by Teresa Genaro
By all accounts, the pun in Miss Behaviour’s name is not an apt one.
“Over in the barn this morning,” said one of her owners, Cal MacWilliam, in the winner’s circle at Belmont Park last Sunday, “she was absolutely calm, lying down, sleeping.”
The same could not be said of MacWilliam, his partner Neil Teitelbaum, and their wives, but they had good reason to celebrate. Their two-year-old, Pennsylvania-bred daughter of Jump Start out of the Successful Appeal mare Successful Romance had just won the Grade II Matron Stakes to keep her perfect record intact.
Not that winner’s circle appearances are a novelty to MacWilliam, who was raised on a horse farm and is the third generation in racing in his family. His grandfather had Thoroughbred horses and his father Quarter Horses; uncles were involved with both Thoroughbreds and standardbreds.
MacWilliam at first departed from the family business. An economist at the World Bank, he was not, he said, in a position to own horses earlier in his career, but several years ago, working in Washington D.C. with his children having grown up, he decided it was time to get back in the business. And the casino-revenue-infused Pennsylvania program, he acknowledged, appealed to the economist in him.
“I live in Maryland,” he said, “about 45 minutes outside of Pennsylvania. It was a logical place to go.”
But first he went to Keeneland, in November 2009, purchasing the six-year-old Successful Romance, a stakes-placed New Jersey-bred who earned just shy of $100,000; he paid $40,000 for her. She was in foal to Afleet Alex with a filly that made it to the races, though not particularly successfully; she was claimed from MacWilliam and Teitelbaum before she ever won a race and has one win in nine starts.
In 2010, MacWilliam bred Successful Romance to Jump Start, second that year on the Pennsylvania sire list.
“We were looking a physical match that would give her more size,” he said, explaining the decision to send her to Jump Start. “The mare is kind of a sprinting, Quarter Horse type, and we figured she needed a little size and scale and leg under her.”
Miss Behaviour—the spelling comes from MacWilliam’s and Teitelbaum’s Canadian roots—debuted at Parx in July, winning first out, then crushed the field in the Sorority Stakes at Monmouth by more than eight lengths.
Still, trainer Phil Schoenthal wasn’t sure exactly what kind of filly he was bringing up to Belmont from his base at the Bowie Training Center to try to win a graded stakes race.
“You can’t help but have a little David and Goliath feeling,” he admitted. “You look down the shedrow, you see Pletcher, you see Zito, you see Dutrow—the guys you grow up watching on TV. Here I am with my modestly bred filly, and they’ve got horses that cost $300,000.[pullquote]“You can’t help but have a little David and Goliath feeling… but thank goodness they actually run the race instead of handing out the money at the entry box.” — trainer Phil Schoenthal[/pullquote]
“You struggle to feel like you belong a little bit, but thank goodness they actually run the race instead of handing out the money at the entry box.”
Because when the race was over, it was Schoenthal, MacWilliam, Teitelbaum, and Miss Behaviour getting the purse money, while Pletcher’s $300,000 filly had to settle for second. Oddly, Schoenthal’s first job on the racetrack had been in Pletcher’s barn, first at Keeneland and then at Belmont.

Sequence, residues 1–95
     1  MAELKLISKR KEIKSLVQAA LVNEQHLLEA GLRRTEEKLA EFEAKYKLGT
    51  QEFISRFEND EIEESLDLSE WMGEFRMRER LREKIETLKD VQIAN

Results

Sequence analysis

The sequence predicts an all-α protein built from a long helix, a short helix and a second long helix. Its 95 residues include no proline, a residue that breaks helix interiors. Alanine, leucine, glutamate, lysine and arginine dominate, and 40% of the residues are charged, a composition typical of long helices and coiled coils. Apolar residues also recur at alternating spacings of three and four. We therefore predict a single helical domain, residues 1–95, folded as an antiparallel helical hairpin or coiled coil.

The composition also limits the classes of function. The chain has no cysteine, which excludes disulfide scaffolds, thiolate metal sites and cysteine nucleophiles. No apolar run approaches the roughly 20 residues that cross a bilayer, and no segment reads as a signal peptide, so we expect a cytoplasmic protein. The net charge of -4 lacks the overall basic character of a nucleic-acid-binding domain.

“My wife took a picture of us in the paddock,” Schoenthal said. “And afterward, he congratulated me and was very gracious; he appeared to be sincerely happy for me.”
The Matron victory is Schoenthal’s first in a graded stakes, in a career that started in 2003. He no longer questions his filly’s talent; less certain is what her future is.
She’s catalogued for the November sale at Fasig-Tipton. MacWilliam isn’t certain that she will go through the ring, but he is unequivocal that she won’t run in the Breeders’ Cup.
“We think she can go two turns,” he said, “and she’s shown she can rate, but trying her for the first time at two turns at that level is just not right.”
And given that she might go to auction, Schoenthal sees little point in running her in a small stakes closer to home.
MacWilliam said he wanted to buy a few mares, but he never did end up buying any others. Successful Romance is his only broodmare, and Miss Behaviour is his only horse in training. She has a Ghostzapper half sibling, and Successful Romance is in foal to Langfuhr. MacWilliam is enthusiastic about the youngsters’ future, and heartened at their presence in the face of the prospect of selling Miss Behaviour. He discusses the latter with both regret and pragmatism.
“It’s absolutely sad,” he said, to think about selling her. “We’ve been out to visit her almost every week, and we’ve watched her grow up. She’s our baby.”
“But,” he continued. “It’s probably the right thing to do. And we know she’ll go somewhere where she’ll be very well taken care of.”
Schoenthal feels a similar connection to her. “Since day 1,” he said, “she’s been uber-classy. She’s been calm and relaxed, and anything you ask her to do, she does the first time.”
She’s also a barn favorite, particularly with his five-year-old daughter.
“She’ll go in the stall with the filly,” he said, “and give her kisses and carrots. The filly loves kids and she loves people; she might as well be a Shetland pony. I put my daughter up on her.”
She’s a pleasure to train. She learns quickly. She’s friendly, and she’s lovable, and she’s undefeated. Ain’t Miss Behaviour, indeed.
(Featured image by NYRA Adam Coglianese.)